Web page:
The district court was correct that $8,850 provides the only framework through which plaintiffs might have been able to establish a due process violation, and that under that framework Jones' and Wilborn's claims did not typify those of the purported class members. No other issues are before us, as plaintiffs have conceded that defendants' summary judgment motion was properly granted under the $8,850 analysis. The judgment of the district court is AFFIRMED.


The Secretary of State must also be notified if the seized property is a vehicle. Id


Jones did not actually retrieve her car until early November 1992 because she could not afford the $350 towing and storage fees that were due before the police would release the vehicle. That additional time is irrelevant, however, because this suit challenges only the lack of a prompt post-seizure hearing


The Complaint also asserted various constitutional violations by the police officers who arrested Keith and Kimberly Jones. The district judge dismissed those counts without prejudice, finding that under Younger v. Harris, 401 U.S. 37, 91 S.Ct. 746, 27 L.Ed.2d 669 (1971), he should abstain from entertaining them during the pendency of the state criminal proceedings. See February 17, 1993 Mem.Op. at 4-6, 1993 WL 41420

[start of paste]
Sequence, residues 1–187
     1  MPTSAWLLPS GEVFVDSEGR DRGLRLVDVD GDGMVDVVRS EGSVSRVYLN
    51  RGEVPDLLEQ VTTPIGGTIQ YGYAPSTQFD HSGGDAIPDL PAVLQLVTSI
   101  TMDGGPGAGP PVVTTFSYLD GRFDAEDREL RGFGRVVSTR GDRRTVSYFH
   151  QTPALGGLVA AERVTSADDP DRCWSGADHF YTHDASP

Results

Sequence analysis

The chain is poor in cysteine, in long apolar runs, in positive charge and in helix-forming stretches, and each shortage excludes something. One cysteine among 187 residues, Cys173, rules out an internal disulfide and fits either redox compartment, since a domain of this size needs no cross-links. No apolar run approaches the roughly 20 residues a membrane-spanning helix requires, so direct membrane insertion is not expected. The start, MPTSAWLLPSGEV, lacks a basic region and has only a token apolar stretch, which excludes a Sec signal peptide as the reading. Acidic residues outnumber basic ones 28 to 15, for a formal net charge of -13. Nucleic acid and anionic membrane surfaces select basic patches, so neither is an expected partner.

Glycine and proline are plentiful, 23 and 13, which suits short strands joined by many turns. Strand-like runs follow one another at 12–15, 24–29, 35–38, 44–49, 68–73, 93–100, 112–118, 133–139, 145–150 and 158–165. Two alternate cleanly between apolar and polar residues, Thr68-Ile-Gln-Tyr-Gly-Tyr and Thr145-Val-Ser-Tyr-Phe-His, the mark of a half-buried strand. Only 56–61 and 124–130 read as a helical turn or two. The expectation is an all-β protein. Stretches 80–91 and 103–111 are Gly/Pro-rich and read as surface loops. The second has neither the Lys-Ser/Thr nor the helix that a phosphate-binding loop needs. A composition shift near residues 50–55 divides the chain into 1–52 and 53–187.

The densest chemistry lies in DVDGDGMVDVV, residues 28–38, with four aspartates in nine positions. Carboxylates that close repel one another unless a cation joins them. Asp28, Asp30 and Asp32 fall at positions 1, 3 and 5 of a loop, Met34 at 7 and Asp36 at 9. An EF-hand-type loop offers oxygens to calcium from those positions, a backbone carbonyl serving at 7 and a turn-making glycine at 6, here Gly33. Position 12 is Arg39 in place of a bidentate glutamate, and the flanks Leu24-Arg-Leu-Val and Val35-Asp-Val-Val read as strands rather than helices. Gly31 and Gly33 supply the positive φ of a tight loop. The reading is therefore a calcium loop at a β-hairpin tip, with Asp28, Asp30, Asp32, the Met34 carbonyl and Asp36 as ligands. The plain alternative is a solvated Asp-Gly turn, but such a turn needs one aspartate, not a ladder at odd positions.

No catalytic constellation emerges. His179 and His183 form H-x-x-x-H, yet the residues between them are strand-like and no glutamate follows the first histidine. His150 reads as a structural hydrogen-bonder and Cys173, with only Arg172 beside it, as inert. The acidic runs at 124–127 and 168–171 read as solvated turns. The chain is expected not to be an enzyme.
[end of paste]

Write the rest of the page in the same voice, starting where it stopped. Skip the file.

Barker addressed the criminal defendant's speedy trial right


Notably, the hearing that plaintiffs request looks nothing like a typically simple probable cause hearing, but more closely resembles the full-blown forfeiture proceeding. For example, the complaint asserts that:

At this prompt post-seizure hearing Plaintiff was entitled to notice, the opportunity to be present with counsel, the opportunity to present evidence and cross-examine adverse witnesses, the right to know what evidence was considered by the judge in making the finding of probable cause, and the reasons for any adverse determination.


After the seizure of property by the United States Customs Service, a claimant has two options. She can either wait for the government to initiate a judicial forfeiture action, or she can attempt to expedite the matter via administrative channels by filing a remission petition with the Secretary of the Treasury. See Von Neumann, 474 U.S. at 244, 106 S.Ct. at 612


The parties requested and the district court agreed to address standing as an alternative ground for granting summary judgment in favor of the defendants. Although they have briefed that issue on appeal as well, we have no need to reach it in light of our holding regarding $8,850